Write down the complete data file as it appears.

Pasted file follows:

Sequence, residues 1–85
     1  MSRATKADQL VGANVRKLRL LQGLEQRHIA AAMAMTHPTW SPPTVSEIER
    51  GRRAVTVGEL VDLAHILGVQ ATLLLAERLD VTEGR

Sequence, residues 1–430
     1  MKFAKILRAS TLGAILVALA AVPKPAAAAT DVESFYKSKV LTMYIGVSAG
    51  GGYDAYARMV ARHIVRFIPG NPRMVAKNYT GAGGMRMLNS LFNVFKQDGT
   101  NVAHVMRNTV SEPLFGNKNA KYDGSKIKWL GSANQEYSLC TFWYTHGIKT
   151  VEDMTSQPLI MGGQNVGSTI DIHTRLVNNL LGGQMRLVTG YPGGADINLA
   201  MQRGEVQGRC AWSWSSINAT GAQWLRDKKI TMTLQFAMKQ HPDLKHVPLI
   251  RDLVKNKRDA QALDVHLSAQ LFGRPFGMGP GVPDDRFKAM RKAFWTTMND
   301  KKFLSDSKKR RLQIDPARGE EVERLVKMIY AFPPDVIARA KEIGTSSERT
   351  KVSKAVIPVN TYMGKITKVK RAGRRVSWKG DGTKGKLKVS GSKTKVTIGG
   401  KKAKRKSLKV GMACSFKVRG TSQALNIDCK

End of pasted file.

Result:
Sequence, residues 1–85
     1  MSRATKADQL VGANVRKLRL LQGLEQRHIA AAMAMTHPTW SPPTVSEIER
    51  GRRAVTVGEL VDLAHILGVQ ATLLLAERLD VTEGR

Sequence, residues 1–430
     1  MKFAKILRAS TLGAILVALA AVPKPAAAAT DVESFYKSKV LTMYIGVSAG
    51  GGYDAYARMV ARHIVRFIPG NPRMVAKNYT GAGGMRMLNS LFNVFKQDGT
   101  NVAHVMRNTV SEPLFGNKNA KYDGSKIKWL GSANQEYSLC TFWYTHGIKT
   151  VEDMTSQPLI MGGQNVGSTI DIHTRLVNNL LGGQMRLVTG YPGGADINLA
   201  MQRGEVQGRC AWSWSSINAT GAQWLRDKKI TMTLQFAMKQ HPDLKHVPLI
   251  RDLVKNKRDA QALDVHLSAQ LFGRPFGMGP GVPDDRFKAM RKAFWTTMND
   301  KKFLSDSKKR RLQIDPARGE EVERLVKMIY AFPPDVIARA KEIGTSSERT
   351  KVSKAVIPVN TYMGKITKVK RAGRRVSWKG DGTKGKLKVS GSKTKVTIGG
   401  KKAKRKSLKV GMACSFKVRG TSQALNIDCK